A Compose configuration file that runs a WordPress instance using the WordPress container off the Docker Hub. However, this depends on a MySQL database, which Composes also creates.

  • First, a version number since the arrangement can change depending on which version.
  • Next, A list of Services. 
  • Lastly, the volumes are stored.

From the blog Andrew Lam’s little blog by and used with permission of the author. All other rights reserved by the author.

YAGNI.

Hello and welcome back to my blog! In this blog, I want to discuss YAGNI, which stands for “Ya ain’t gonna need it” or “You aren’t gonna need it.” My professor for CS-343 briefly mentioned it in class one day and I wanted to go over it more in depth. In the past, I’ve done something in my projects where I should have followed the concept of YAGNI instead. I made several methods to change a variable before I actually made the main methods of what that variable would do. In the end, it turns out the methods I made were useless toward my goal and I lost a lot of time. I hope to start applying the concept of YAGNI to my future programming in order to not waste time.

YAGNI is a really important concept in programming. Basically it means programmers and developers should only implement classes, methods, or whatever things they need only when they need them. By doing this, you can avoid doing unnecessary work and save a lot of time. When you think ahead and try to code a class or method that you think you will need in the future, it can be hard to know what exactly you need to include in it. The programmer has to do a lot of guessing and for a lot of the times, they guess incorrectly and end up not needing the feature that they spent some time on in the end. By following the concept of YAGNI instead, you don’t have to do all that guessing work and are also more focused on your current task. You should only develop things that you need once they become relevant. In a large project, YAGNI is especially beneficial for programmers and developers. Let’s say a programmer wants to design a feature they know they might need but aren’t sure if they need it or are unclear of how to implement it. By postponing the development of that feature, it can be more clear to the programmer/developer what they exactly need to do for that feature once it becomes relevant again. You should always ask yourself if the feature you are working on is really needed at the current moment. If it’s not needed, then you can take a note of it instead and come back to it later once it becomes relevant again. That way, you keep the project more simple and you program the features better since they are relevant and you have a more clear understanding of what to implement. And the most important thing, you save a lot of time with YAGNI.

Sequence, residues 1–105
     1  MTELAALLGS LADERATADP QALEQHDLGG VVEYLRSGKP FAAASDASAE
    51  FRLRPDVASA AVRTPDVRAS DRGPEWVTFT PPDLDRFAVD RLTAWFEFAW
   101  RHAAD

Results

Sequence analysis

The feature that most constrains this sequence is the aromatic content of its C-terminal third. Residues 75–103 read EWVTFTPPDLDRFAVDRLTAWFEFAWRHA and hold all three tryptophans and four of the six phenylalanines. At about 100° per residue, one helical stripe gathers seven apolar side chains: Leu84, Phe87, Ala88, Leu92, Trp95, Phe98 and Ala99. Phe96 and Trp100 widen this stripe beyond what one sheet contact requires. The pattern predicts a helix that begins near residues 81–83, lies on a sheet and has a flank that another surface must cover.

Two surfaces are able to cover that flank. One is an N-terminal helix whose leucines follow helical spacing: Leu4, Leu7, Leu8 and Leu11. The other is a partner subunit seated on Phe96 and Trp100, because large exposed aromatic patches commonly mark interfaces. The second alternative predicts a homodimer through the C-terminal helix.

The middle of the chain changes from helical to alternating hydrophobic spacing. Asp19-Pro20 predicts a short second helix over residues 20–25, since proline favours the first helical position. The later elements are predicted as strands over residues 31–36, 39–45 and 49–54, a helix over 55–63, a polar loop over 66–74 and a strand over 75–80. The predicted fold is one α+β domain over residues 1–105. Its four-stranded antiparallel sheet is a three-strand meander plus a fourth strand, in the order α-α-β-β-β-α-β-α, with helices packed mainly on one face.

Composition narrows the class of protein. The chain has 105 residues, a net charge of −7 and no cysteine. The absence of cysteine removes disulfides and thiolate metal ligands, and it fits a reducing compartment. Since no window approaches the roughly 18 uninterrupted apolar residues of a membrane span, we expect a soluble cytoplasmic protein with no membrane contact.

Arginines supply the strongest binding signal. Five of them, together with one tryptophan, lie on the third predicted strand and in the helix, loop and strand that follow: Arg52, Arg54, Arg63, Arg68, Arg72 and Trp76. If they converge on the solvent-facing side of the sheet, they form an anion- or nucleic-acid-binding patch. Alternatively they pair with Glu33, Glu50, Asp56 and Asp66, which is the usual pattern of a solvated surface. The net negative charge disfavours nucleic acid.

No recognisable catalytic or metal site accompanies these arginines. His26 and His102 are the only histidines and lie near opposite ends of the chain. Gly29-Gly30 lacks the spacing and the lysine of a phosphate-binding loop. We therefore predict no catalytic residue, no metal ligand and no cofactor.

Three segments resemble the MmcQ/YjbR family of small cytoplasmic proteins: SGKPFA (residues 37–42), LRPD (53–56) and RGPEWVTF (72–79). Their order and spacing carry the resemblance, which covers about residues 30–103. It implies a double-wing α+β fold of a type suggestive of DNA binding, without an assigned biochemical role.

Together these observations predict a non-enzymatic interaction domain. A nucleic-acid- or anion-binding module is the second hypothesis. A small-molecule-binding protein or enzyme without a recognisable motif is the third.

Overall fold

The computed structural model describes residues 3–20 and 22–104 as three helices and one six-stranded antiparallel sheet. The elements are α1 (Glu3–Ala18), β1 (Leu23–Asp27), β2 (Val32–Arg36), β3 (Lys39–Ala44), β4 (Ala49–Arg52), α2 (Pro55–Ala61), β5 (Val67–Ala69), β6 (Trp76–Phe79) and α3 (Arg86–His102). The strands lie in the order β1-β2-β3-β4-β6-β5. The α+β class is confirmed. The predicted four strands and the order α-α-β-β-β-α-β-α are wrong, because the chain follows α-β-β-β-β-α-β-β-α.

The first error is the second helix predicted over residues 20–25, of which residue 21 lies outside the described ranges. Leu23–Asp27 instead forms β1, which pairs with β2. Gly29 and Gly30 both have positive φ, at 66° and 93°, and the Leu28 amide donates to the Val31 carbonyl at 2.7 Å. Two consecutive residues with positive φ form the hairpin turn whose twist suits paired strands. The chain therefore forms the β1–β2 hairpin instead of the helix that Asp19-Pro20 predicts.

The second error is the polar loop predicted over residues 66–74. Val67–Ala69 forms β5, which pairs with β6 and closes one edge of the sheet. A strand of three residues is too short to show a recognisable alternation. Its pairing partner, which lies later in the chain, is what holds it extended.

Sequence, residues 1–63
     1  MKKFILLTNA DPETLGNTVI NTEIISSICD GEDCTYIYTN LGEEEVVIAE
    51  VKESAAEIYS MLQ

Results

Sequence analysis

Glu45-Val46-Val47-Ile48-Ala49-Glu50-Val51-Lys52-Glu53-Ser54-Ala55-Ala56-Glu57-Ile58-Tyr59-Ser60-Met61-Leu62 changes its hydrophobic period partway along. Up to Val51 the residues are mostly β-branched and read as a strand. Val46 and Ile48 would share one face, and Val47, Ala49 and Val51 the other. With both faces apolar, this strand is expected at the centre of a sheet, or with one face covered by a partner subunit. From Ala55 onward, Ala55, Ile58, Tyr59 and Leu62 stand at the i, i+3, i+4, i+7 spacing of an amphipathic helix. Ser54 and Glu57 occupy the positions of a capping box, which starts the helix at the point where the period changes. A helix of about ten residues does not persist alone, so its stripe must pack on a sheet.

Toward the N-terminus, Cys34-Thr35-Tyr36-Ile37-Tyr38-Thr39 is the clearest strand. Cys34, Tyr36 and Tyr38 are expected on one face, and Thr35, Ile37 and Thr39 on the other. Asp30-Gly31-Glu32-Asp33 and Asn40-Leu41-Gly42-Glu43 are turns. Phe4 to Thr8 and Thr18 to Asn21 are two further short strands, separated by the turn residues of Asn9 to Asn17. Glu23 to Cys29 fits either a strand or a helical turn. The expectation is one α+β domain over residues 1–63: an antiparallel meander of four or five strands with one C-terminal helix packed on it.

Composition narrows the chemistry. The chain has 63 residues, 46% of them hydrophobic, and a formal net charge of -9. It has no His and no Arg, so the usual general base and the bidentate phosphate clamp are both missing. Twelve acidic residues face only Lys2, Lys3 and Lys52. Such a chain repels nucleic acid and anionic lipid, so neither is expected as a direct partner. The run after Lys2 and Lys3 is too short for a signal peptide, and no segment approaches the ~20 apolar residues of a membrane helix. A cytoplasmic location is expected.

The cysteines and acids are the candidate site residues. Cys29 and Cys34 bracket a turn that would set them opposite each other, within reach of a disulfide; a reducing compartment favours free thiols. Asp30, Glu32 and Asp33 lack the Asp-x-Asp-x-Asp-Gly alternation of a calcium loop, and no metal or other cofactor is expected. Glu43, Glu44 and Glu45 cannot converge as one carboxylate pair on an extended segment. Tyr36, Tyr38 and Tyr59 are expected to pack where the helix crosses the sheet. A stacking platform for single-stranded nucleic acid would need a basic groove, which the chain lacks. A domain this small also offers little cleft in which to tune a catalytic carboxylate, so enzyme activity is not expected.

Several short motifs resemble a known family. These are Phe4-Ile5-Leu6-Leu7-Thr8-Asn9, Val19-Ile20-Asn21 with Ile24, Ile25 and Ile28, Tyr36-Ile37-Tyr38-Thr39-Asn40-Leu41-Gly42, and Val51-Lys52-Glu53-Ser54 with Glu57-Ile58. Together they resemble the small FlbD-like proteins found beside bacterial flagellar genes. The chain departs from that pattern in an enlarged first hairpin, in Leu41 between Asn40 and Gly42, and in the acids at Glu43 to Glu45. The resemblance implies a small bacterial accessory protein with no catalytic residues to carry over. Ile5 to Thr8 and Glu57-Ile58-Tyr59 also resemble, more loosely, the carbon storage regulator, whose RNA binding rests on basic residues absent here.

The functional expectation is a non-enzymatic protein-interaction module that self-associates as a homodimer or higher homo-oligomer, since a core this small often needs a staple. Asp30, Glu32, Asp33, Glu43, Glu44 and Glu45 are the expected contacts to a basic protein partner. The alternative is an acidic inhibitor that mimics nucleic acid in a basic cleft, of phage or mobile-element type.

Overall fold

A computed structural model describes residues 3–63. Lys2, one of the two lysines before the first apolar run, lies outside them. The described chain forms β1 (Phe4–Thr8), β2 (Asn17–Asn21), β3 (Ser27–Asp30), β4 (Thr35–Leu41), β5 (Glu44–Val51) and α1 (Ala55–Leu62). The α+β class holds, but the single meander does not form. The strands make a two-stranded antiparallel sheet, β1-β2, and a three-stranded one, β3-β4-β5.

Source: http://c2.com/xp/YouArentGonnaNeedIt.html

From the blog Comfy Blogging by and used with permission of the author. All other rights reserved by the author.

week-3

Hello,

I am doing some class activities and looking over some questions ahead to save time for a thing or two. I came across the word “Behavioral Patterns” in class Act. 4 (Model 8); I got curious and looked it up. I found two articles that helped me understand the purposes, Problems with solutions, Real-World Analogy, Structure, Pseudo-code, Applicability, How to Implement, Pros and Cons, Relations with Other Patterns.

The Behavioral Patterns are concerned with providing solutions. It is about object interaction – how they communicate, how some are dependent on others, how to separate them to be both dependent and independent, and give both flexibility and testing capabilities—also, the assignment of responsibilities between objects.

The Behavioral Patterns cover many small parts to form the full extend of patterns. Like Interpreter, Template Method/Pattern, Chain of Responsibility, Command, Iterator, Mediator, Memento, Observer, State, Strategy, and Visitor.

Interpreter

The Interpreter pattern: Evaluate any language grammar or expressions. An excellent example; this pattern would be Google Translate, which deciphers the input, and shows us the output in another language. Another example would be the Java compiler. The compiler interprets Java code and translates it into byte-code that the JVM uses to perform operations on the device it runs on. Also, it represents a great way to write simple programs that understand human-like syntax. 

Chain of Responsibility – pass requests along a chain of handlers. Upon receiving a request, each handler processes the requestor gives it to the next handler in the chain. 

Command – Turns a request into a stand-alone object that contains all information about the proposal. This transformation lets pass requests as a method arguments, delay or queue a request’s execution, and support undo-able operations. 

Iterator – traverse elements of a collection without exposing its underlying representation (list, stack, tree, etc.)

Mediator – it reduces chaotic dependencies between objects. The pattern restricts direct communications between the entities and forces them to collaborate only via a mediator object.

Memento – it saves and restores the previous state of an object without revealing the details of its implementation.